In February 2010, Fort opposed a bill that would prevent Georgians from being forced to receive a microchip implant against their will, calling it "a solution in search of a problem."[15] On October 26, 2011, Senator Fort was arrested along with 52 other members of Occupy Atlanta, in support of the protesters.[16] Senator Fort was also arrested in a protest for Medicaid expansion in Georgia at the office of Governor Nathan Deal.[17] In the aftermath of the 2014 shooting of Michael Brown in Ferguson, Missouri, Fort criticized police militarization in Georgia.[18]

In February 2016, Fort announced he would relinquish his support for Hillary Clinton and support Bernie Sanders for President of the United States instead.[19] He issued a statement saying, "After months of looking at Bernie’s record and studying his positions on healthcare, Wall Street, predatory lending and the minimum wage, I came to the conclusion that Bernie’s position on the issues that affect my constituents in Georgia the most conform most closely to my positions."[19] Senator Fort also cited the ejection of Black Lives Matter protestors from a Hillary Clinton speech at Clark Atlanta University in 2015 as motivation to shy away from the Clinton campaign during the primary.[20] His endorsement of Bernie Sanders for President made Fort the highest-ranking African-American legislator in the South to endorse Sanders.[21]

As a candidate for Mayor of Atlanta, Vincent Fort has been endorsed by U.S. Senator Bernie Sanders, former Democratic Governor of Georgia Roy Barnes, Atlanta Hip-Hop artist and business owner Michael Render, also known as Killer Mike, as well as 28 local labor unions.[22] His key campaign issues include affordable housing and stopping gentrification in Atlanta, as well as providing two free years of community and technical college to graduates of Atlanta public schools.[23] On September 30th 2017, Bernie Sanders held a rally for Vincent Fort in Saint Philip AME Church in Atlanta's East Lake neighborhood.[24]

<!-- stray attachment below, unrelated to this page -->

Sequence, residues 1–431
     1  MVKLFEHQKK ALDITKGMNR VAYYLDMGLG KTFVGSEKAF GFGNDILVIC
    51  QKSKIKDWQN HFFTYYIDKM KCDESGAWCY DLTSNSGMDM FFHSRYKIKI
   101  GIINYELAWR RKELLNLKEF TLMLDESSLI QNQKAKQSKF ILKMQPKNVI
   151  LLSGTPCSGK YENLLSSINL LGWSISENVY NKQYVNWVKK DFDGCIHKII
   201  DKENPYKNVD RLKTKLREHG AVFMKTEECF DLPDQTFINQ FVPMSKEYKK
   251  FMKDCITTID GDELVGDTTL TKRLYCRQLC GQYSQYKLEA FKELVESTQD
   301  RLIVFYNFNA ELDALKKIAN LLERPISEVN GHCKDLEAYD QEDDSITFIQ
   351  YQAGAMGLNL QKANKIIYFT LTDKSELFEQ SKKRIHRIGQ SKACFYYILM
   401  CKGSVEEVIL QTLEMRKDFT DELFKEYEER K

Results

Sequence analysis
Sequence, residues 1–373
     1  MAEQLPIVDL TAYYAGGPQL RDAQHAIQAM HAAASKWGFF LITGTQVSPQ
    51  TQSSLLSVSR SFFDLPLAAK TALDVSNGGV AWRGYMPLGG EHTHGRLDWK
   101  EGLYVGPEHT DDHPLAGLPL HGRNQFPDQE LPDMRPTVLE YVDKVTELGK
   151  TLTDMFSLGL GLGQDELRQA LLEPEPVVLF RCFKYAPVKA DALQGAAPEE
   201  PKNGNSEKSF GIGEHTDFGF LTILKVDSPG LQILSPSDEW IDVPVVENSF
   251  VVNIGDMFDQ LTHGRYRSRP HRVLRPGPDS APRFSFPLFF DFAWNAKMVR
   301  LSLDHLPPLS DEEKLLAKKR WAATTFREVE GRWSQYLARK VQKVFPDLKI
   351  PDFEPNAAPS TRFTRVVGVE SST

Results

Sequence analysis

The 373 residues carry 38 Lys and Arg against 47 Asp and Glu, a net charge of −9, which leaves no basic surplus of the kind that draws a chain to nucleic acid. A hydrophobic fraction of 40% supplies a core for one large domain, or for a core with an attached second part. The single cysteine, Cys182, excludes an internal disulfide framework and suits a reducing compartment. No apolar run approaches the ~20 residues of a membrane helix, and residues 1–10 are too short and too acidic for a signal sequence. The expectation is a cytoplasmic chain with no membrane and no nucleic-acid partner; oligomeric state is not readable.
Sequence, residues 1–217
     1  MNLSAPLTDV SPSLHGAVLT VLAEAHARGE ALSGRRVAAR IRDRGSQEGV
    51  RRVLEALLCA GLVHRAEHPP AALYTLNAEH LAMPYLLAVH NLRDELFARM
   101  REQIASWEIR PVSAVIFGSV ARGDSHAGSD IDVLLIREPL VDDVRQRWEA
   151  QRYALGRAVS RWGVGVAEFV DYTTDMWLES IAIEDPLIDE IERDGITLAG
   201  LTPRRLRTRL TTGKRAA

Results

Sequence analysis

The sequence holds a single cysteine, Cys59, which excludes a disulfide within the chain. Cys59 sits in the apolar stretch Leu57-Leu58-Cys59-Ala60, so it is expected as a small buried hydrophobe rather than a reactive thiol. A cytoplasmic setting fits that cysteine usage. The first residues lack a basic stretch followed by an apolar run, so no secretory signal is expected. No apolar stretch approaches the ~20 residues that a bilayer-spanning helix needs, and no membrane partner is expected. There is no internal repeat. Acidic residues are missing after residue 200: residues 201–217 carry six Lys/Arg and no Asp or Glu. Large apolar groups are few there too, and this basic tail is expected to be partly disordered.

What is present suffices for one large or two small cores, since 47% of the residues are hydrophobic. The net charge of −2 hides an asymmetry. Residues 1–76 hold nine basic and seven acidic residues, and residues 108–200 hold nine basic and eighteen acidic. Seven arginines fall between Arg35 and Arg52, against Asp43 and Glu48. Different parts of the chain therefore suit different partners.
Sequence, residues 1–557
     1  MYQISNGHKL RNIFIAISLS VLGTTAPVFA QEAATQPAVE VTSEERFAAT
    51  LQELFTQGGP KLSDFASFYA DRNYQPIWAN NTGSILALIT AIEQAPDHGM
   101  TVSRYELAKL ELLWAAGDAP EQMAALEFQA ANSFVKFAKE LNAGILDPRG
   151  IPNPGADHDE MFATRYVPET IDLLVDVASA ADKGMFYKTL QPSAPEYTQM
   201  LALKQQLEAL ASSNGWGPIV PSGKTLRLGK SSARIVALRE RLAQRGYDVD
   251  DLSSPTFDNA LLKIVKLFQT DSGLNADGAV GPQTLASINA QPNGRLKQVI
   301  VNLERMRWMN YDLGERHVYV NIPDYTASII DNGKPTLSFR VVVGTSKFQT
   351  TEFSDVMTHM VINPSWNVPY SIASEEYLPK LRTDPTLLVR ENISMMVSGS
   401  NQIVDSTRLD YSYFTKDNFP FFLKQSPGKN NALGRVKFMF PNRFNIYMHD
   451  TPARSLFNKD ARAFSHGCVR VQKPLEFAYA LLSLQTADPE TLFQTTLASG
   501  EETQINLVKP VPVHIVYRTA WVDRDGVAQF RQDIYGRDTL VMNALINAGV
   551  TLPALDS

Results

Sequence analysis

References[edit]

  1. ^ "Senator Vincent D. Fort: Senate District 39" (PDF). legis.ga.gov. Retrieved November 6, 2011. 
  2. ^ http://digitalcommons.auctr.edu/dissertations/2433/
  3. ^ https://votesmart.org/candidate/biography/12211/vincent-fort#.WcvRjtOGPow
  4. ^ http://www.huffingtonpost.com/author/sen-vincent-fort
  5. ^ https://atlantamarch.com/senator-vincent-fort/
  6. ^ Atlanta University Center
  7. ^ https://theintercept.com/2017/09/18/atlanta-mayor-vincent-fort-bernie-sanders/
  8. ^ https://vincentfort.com/meet-vincent/
  9. ^ https://theintercept.com/2017/09/18/atlanta-mayor-vincent-fort-bernie-sanders/
  10. ^ https://vincentfort.com/meet-vincent/
  11. ^ Associated Press (September 27, 2007) "Fort, others chastise Johnson" ABCmoney.co.uk Accessed November 6, 2011.
  12. ^ Georgia Department of Elections 2010 primary results
  13. ^ "Georgia State Senator Vincent Fort (D-39)". legis.ga.gov. Retrieved November 6, 2011. 
  14. ^ https://vincentfort.com/meet-vincent/
  15. ^ Ga. Senate: No Forced Microchip Implants In Humans | 11alive.com
  16. ^ http://www.ajc.com/news/atlanta/occupy-atlanta-protesters-show-1209963.html
  17. ^ http://www.ajc.com/news/state--regional-govt--politics/medicaid-out-jail-following-moral-monday-arrests/BIP6EBXCBS60741O2pKWHM/
  18. ^ Fort, Vincent. "End police militarization now". Creative Loafing. Retrieved 26 August 2014. 
  19. ^ a b Bluestein, Grey (February 16, 2016). "Vincent Fort flips from Hillary Clinton to Bernie Sanders". The Atlanta Journal-Constitution. Retrieved February 17, 2016. 
  20. ^ https://theintercept.com/2017/09/18/atlanta-mayor-vincent-fort-bernie-sanders/
  21. ^ https://theintercept.com/2017/09/18/atlanta-mayor-vincent-fort-bernie-sanders/
  22. ^ https://theintercept.com/2017/09/18/atlanta-mayor-vincent-fort-bernie-sanders/
  23. ^ https://vincentfort.com/issues/
  24. ^ http://politics.blog.ajc.com/2017/09/27/why-bernie-sanders-is-plunging-into-atlantas-mayoral-race/

External links[edit]